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U.S. Presidential Election 1789

The much anticipated results of the US Presidential elections were finally declared late on November 8, 2016. The Republican Party has scored a landslide victory. Republicans Donald Trump and Mike Pence are going to be the next President and Vice President of the USA.

Following its decisive victory in Pennsylvania, the GOP looks set to hold sway in the US Senate as well.

Having secured 264 electoral votes already and leading in the states of Michigan, Wisconsin and Arizona, Donald Trump looks set to become the next president of the USA. He's just four more votes away from winning the elections.

The Republicans' dominance in the US House of Representatives is set to continue. While the party may find it difficult to retain majority in the Senate, continued Republican dominance in the House could hamper any legislative agenda taken up by Clinton, in case she is elected. On the other hand, Trump's victory could lead to a prompt demise of outgoing President and Democrat member Barack Obama's health reforms.

In what may come as another setback for Hillary Clinton, as per latest reports, Republican Pat Toomey has been re-elected to the Senate from Pennsylvania.

The 1789 U.S. Presidential Election was the first presidential election in the United States of America. The historic election saw the emergence of George Washington as the first President of the United States, who was the only president to ever win unanimously.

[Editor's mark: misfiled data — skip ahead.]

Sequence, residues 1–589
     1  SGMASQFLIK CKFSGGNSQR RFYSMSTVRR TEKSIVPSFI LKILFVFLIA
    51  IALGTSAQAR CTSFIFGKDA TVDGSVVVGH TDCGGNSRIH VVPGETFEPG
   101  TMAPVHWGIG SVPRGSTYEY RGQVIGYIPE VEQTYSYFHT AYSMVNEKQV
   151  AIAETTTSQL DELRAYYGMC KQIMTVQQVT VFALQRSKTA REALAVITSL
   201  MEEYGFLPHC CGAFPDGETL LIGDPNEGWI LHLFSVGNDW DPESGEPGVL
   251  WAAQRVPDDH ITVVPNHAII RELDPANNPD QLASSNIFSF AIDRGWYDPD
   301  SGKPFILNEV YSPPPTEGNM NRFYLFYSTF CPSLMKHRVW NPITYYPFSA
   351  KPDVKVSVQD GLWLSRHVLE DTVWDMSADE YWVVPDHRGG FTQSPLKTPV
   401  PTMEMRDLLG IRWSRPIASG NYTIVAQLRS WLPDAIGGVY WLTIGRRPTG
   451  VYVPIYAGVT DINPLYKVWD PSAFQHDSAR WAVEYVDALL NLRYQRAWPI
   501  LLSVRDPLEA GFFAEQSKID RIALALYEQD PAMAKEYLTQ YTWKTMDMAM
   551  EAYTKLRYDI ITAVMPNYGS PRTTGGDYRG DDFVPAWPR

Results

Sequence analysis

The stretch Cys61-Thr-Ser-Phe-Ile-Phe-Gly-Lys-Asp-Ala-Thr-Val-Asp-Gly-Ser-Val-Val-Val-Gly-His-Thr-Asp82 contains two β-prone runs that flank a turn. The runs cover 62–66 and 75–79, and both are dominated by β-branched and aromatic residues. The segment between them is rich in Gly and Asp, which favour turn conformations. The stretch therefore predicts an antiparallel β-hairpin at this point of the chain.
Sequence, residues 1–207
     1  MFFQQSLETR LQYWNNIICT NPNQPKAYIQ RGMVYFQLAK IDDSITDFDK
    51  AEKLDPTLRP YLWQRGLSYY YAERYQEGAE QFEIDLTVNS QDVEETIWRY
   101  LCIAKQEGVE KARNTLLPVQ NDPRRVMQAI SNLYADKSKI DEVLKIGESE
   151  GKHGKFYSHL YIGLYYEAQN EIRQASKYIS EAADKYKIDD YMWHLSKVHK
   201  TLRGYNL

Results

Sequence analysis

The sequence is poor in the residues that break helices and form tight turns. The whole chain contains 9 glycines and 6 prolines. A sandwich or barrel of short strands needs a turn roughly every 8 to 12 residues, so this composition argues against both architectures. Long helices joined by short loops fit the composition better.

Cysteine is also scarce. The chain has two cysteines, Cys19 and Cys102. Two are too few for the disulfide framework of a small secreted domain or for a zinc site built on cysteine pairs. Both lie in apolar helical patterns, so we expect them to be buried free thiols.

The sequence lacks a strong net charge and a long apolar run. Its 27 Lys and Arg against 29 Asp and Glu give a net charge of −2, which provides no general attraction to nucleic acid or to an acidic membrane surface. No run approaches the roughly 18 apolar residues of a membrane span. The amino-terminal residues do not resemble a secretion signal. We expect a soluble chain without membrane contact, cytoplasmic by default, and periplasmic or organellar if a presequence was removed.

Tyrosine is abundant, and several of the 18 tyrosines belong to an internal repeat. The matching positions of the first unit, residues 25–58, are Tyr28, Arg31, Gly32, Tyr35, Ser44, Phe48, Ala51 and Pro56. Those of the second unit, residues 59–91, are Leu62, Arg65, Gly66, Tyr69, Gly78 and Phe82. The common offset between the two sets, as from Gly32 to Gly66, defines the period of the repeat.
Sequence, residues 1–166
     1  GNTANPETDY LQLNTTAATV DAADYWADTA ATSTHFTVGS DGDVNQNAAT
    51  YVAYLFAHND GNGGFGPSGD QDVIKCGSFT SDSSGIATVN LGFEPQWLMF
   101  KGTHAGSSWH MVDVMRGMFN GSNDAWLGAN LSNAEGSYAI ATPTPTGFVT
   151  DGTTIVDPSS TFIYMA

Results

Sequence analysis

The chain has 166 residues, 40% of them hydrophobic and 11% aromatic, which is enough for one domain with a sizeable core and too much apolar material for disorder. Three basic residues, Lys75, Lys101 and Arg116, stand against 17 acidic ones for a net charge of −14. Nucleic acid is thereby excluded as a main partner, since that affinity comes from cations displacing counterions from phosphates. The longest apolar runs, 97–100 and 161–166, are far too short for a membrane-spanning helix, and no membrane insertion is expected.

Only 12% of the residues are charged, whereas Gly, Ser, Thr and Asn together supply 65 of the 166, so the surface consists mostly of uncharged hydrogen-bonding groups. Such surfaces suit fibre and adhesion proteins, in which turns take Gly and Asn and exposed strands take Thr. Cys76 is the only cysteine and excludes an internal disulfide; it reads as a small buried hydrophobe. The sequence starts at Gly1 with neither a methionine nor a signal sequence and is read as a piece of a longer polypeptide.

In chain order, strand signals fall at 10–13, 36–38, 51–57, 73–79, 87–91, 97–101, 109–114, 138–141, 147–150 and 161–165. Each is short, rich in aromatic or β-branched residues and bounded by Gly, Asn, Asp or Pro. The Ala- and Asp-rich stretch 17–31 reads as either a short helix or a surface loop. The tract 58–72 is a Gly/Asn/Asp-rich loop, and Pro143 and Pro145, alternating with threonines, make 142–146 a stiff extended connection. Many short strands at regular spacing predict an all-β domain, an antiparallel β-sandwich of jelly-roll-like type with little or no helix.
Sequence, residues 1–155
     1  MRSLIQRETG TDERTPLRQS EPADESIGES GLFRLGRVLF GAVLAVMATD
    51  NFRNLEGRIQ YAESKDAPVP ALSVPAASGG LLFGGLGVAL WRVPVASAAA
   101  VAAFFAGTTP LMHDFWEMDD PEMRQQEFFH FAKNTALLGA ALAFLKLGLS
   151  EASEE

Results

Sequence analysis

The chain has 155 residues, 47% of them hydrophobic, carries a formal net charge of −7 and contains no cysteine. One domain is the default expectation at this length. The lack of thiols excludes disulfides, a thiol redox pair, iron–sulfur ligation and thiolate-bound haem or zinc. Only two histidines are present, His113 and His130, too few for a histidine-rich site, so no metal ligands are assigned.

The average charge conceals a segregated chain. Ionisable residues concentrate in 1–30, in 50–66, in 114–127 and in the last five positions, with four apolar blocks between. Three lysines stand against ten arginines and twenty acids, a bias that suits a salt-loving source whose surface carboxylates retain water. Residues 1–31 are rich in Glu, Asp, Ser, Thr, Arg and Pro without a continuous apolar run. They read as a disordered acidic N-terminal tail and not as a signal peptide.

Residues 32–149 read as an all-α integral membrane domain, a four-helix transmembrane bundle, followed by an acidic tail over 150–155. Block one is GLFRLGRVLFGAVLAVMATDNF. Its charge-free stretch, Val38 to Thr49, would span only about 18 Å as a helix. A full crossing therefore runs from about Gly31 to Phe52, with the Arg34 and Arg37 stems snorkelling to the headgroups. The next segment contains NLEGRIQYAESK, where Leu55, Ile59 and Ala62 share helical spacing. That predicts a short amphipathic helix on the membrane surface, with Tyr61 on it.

Washington was not a member of any political party when he was elected, and effectively ran unopposed. His vice president was John Adams, who won the second highest number of electoral votes.

Prior to the ratification of the Twelfth Amendment to the U.S. Constitution in 1804, each elector was able to cast two votes for two different presidential candidates. The candidate that received the highest number of votes, provided that number was at least half of the total number of electors, became president. The runner up would become the vice president. This model required that the winning candidate have a substantial amount of public support, and also encouraged compromise between opponents, since they would have to work together.

The 1789 presidential election was unusual in that the founding fathers and framers of the Constitution were all in agreement that George Washington should be the first president, and the vote was mostly a formality. As the first presidential election, the nomination process for presidential candidates was much less complex and less formal than today's primary process. George Washington had demonstrated his leadership abilities as commander in chief of the Continental Army and later as the president of the Constitutional Convention. He was unanimously promoted to both of these roles as well. Once Washington decided to come out of retirement to run for president, he had the support of all the others.